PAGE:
Publishing with a purpose
Children, Young People and Families - All titles
Contemporary Studies of Austerity
This collections showcases contemporary research on multiple youth deprivation of personal isolation, social hardship, gender and ethnic discrimination and social stigma, drawing on findings of empirical studies that seek to explore the critical intersections of social class, gender and ethnic identities.
Exchange, Abuse and Young People
Providing fresh insight into child sexual exploitation (CSE), this book uses the voices of children and young people who have experienced sexual exploitation, and the practitioners who have worked with them, to challenge the dominant discourse around CSE.
Offering a fresh look to complement the dominant singular voice of developmental psychology, this unique collection of 12 research projects carried out in the UK and USA is essential reading for anyone studying or working with children at play.
Policy, Prevention and Policing
This book challenges current thinking about youth violence and gangs, and their racialisation by the media and the police. It highlights how the street gang label is unfairly linked to Black (and urban) youth street-based lifestyles/cultures and friendship groups.
An International Comparison of Policy and Practice
An exploration the phenomena of contemporary fatherhood, this book presents the current state of knowledge on father involvement with young children in six countries: Finland, Germany, Italy, Slovenia, the UK and the USA.
An International Comparison of In-Home Childcare Policy and Practice
This book presents new empirical research about in-home child care in Australia, the United Kingdom and Canada, three countries where governments are pursuing new ways to support the recruitment of in-home childcare workers through funding, regulation and migration.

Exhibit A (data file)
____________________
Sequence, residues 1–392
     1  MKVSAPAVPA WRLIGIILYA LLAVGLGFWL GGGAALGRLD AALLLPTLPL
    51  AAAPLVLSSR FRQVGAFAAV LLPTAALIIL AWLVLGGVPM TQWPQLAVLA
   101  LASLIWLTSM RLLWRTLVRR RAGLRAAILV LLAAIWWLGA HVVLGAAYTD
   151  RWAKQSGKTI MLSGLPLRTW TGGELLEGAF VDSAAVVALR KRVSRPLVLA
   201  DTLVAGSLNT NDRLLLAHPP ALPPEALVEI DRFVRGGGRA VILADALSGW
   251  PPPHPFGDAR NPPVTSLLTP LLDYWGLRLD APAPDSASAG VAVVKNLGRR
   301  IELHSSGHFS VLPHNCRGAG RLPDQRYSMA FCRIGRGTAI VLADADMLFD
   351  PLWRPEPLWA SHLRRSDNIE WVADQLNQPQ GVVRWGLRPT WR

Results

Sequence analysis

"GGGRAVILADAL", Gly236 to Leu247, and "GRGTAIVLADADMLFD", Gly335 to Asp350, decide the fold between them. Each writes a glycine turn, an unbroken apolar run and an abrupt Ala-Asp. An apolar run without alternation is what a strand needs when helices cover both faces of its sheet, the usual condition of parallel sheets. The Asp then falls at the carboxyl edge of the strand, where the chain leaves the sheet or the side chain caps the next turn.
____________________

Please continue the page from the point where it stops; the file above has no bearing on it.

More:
Unfair Advantage and the Limits of Social Mobility
In the UK, as in other rich countries, the ‘playing-field’ is anything but level and the family plays a surprisingly crucial part in maintaining inequality. This book explores how seemingly mundane aspects of family life raise fundamental questions of social justice and calls for a rethink of what equality of opportunity means.
How Racial Disparities Create Sickness
This is the first book to offer a comprehensive perspective on health and sickness among African Americans. It shows how living in a highly racialized society affects health through multiple social contexts, including neighborhoods, personal and family relationships, and the medical system.
Deepening Inequality in Times of Austerity
In this empirically-grounded analysis, Lorenza Antonucci compares the lives of university students at a time of austerity and financial crisis from three very different European welfare systems – Italy, England and Sweden.
Drawing on the findings of a two-year European research project, this book presents a new model for responding meaningfully and effectively the 'problem' of how to respond to violence involving young people that continues to challenge youth workers and policy makers.
How Society Needs to Change
Debunking the myth of the ageing time bomb, this timely book from the authors of Retiring with Attitude challenges our assumptions and stereotypes and demonstrates that we are capable of living better together longer in this new, older world.
A History of Parenting Culture 1920s to Present
Harry Hendrick shows how broader social changes, including neoliberalism, feminism, the collapse of the social-democratic ideal, and the 'new behaviourism', have led to the rise of the anxious and narcissistic parent, In this provocative history of parenting.